A Woman Who Built an Oasis in the New Mexico Desert

A Woman Who Built an Oasis in the New Mexico Desert

For over three and a half decades, C.C. Culver has been the driving force behind the conservation and re-wilding of the quaint rural high desert village of La Madera, New Mexico.

Dark clouds hung low over the high desert country. Shining through the clouds, bursts of golden orange cast a glow on a roadside sign that read, ‘Pigs.’ I was in northern New Mexico – Breaking Bad land. This road sign was my left turn, leading me straight into the shadow of the Owl Peaks hills. It was here that I would rendezvous with our desert’s La Patrona, C.C. Culver, a patron of agriculture, ecology, and sustainability.

For over three and a half decades, Culver has been the driving force behind the conservation and re-wilding of the quaint rural high desert village of La Madera, New Mexico. Her tireless efforts in regenerative farming and community building had transformed this little oasis into a thriving example of eco-friendly living, not only for humans but also the beavers and peacocks, and even unfriendly weeds. Keep in mind the village, which this area is a part of, besides being one of the poorest regions of the US, it is also plagued by by an undercurrent of racial tension between the native or indigenous people, Hispanics and Anglo.

Nevertheless her experiments with agriculture have brought back many heirloom varieties like blue corn, sonora wheat, many types of chillies and even the amaranth millets to New Mexico. She has helped shape the ‘beyond organic’ movement, not only in New Mexico and the American Southwest but also internationally. She has been associated with key international movements like Slow Food, Slow Money, the Quivira Coalition, the Southwest Grain Collaborative, Qachuu Aloom (Guatemala), ancient grain revival measures and more.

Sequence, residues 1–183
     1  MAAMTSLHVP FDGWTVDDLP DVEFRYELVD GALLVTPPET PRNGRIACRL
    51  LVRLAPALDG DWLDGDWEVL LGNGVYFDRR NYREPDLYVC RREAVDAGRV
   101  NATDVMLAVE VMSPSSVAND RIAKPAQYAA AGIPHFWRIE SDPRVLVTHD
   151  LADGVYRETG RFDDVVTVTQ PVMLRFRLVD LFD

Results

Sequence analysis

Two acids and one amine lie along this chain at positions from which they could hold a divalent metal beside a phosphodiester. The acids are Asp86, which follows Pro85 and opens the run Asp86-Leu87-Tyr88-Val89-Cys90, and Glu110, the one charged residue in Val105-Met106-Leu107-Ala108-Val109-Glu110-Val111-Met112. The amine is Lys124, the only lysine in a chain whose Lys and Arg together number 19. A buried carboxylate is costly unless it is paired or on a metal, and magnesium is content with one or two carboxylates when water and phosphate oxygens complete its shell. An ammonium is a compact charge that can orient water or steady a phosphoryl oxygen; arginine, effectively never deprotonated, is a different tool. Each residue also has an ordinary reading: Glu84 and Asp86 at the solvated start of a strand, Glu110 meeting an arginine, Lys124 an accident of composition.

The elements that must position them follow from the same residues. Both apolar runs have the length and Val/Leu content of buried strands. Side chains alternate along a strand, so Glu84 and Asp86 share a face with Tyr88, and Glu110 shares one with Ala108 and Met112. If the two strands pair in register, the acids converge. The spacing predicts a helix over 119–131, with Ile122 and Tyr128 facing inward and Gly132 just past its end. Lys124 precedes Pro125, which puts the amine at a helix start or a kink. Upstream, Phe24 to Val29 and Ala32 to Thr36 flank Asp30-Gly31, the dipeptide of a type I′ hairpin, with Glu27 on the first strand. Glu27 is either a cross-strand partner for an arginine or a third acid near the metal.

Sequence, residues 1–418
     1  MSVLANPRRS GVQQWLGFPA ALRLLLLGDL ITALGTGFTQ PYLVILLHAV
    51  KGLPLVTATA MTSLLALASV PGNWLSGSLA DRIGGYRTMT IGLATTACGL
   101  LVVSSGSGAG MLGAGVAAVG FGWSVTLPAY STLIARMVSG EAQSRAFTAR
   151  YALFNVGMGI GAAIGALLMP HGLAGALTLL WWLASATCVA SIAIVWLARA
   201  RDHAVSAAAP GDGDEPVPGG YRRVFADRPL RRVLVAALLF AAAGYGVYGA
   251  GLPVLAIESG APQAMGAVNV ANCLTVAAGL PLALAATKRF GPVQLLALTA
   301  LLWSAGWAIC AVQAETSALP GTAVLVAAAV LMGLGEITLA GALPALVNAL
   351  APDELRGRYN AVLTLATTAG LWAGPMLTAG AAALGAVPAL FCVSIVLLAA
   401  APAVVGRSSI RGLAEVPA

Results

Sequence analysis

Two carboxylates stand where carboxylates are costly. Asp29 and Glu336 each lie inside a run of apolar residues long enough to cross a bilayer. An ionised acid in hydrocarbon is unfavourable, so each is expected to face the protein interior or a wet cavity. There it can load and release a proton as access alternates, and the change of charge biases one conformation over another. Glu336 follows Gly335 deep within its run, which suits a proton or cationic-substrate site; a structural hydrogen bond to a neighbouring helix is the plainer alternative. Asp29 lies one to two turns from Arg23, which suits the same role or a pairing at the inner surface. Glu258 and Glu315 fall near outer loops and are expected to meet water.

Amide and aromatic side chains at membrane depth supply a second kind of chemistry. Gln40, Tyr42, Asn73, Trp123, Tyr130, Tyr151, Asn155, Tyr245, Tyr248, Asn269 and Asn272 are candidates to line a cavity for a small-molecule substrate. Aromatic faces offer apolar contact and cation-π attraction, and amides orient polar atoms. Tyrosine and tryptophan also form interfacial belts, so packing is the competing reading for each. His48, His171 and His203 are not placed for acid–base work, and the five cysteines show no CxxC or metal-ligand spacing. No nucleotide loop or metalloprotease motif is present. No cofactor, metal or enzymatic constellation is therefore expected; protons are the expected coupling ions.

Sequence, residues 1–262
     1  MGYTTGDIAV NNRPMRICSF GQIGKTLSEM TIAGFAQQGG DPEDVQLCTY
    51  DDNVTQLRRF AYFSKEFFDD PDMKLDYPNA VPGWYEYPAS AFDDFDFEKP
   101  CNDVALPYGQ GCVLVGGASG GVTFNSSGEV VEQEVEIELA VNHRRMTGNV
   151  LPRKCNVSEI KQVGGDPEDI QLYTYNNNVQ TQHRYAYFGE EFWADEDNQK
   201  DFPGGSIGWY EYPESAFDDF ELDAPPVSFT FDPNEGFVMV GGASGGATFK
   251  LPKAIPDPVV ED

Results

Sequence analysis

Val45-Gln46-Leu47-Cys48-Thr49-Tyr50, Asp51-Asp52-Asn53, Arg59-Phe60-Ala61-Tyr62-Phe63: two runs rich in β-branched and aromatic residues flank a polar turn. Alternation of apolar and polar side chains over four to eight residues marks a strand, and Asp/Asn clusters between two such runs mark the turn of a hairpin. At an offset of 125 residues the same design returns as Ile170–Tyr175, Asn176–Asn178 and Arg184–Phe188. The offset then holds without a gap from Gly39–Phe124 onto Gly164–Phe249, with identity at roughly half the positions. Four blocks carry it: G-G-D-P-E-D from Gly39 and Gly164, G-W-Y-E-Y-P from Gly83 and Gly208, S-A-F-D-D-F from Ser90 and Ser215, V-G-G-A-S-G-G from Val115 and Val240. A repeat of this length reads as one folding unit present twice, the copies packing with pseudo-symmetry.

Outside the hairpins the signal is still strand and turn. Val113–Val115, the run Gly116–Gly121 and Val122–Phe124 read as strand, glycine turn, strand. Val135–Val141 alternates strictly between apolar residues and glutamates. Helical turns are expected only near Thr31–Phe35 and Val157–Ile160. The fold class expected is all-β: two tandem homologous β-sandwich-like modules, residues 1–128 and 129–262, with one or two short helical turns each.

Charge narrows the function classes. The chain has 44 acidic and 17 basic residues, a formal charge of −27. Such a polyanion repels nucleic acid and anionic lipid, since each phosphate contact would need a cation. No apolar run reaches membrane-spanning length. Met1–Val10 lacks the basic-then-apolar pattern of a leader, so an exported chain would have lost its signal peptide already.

Culver’s farm in La Madera, New Mexico. Photo: Indra Shekhar Singh

A day with ‘CC’

It is 7 am on a Saturday when I meet up with CC. She is in wet boots and has her task list in hand. I sat in her car along with Lucy, her dog and two cats, Charles and Puss. Before feeding her horse, she gave me a mini tour of her thorny paradise. Most of her farm is not cultivable due to scarcity of water, sandy soil or hilly terrain. In other parts, she let junipers, cedars, cactuses and even the desert rat run wild.  Swerving on the sand trail, we reach the horses.

Four hungry horses ran towards us, we quickly give them a corn and hay breakfast. Next, we have to activate the gravity fed water sprinklers. Here is where I notice adolescent wheat plants shining in the morning sun. They are unlike the “Green Revolution” wheat varieties, so I ask about them. “This is the Spanish Sonora wheat. They bought this over in the 15 century. Over time newer varieties came, and this seed was lost. Today we have revived this variety and also started giving it to other farmers to grow and to community members and restaurants as flour. This seed is part of New Mexico heritage,” she says.

Currently in the US, there is a growing craze for Sonora seeds and flour in the regenerative agriculture world. Before the Spanish, the Americas did not have wheat. So Sonora wheat plays an important historical-cultural role.

The farm and foundation, Owl Peak, is currently researching this hardy wheat for its cover crop, harvesting potential and its possibilities in building soil in the high desert. Conversation with bakers and restaurants in Santa Fe made it clear that Sonora wheat is growing to be the customer’s choice too.

Culver’s farm in La Madera, New Mexico.
Photo: Indra Shekhar Singh

Next it is time to feed the chickens and see the garlic fields. So we drive on the sandy trail towards the arroyo, and then to the chickens house. As we enter the farm, CC takes me down memory lane. “This was the first farm I starting to work on, it was nothing like this when we started. The soil was very bad, the house, toolshed and green house weren’t there. We made all of it, and simultaneously started the experiments with soil building,” she says, pointing to the different sections of the farm. From permaculture to Hugelkultur pits, she has tried to employ the best ideas to build soils over the years.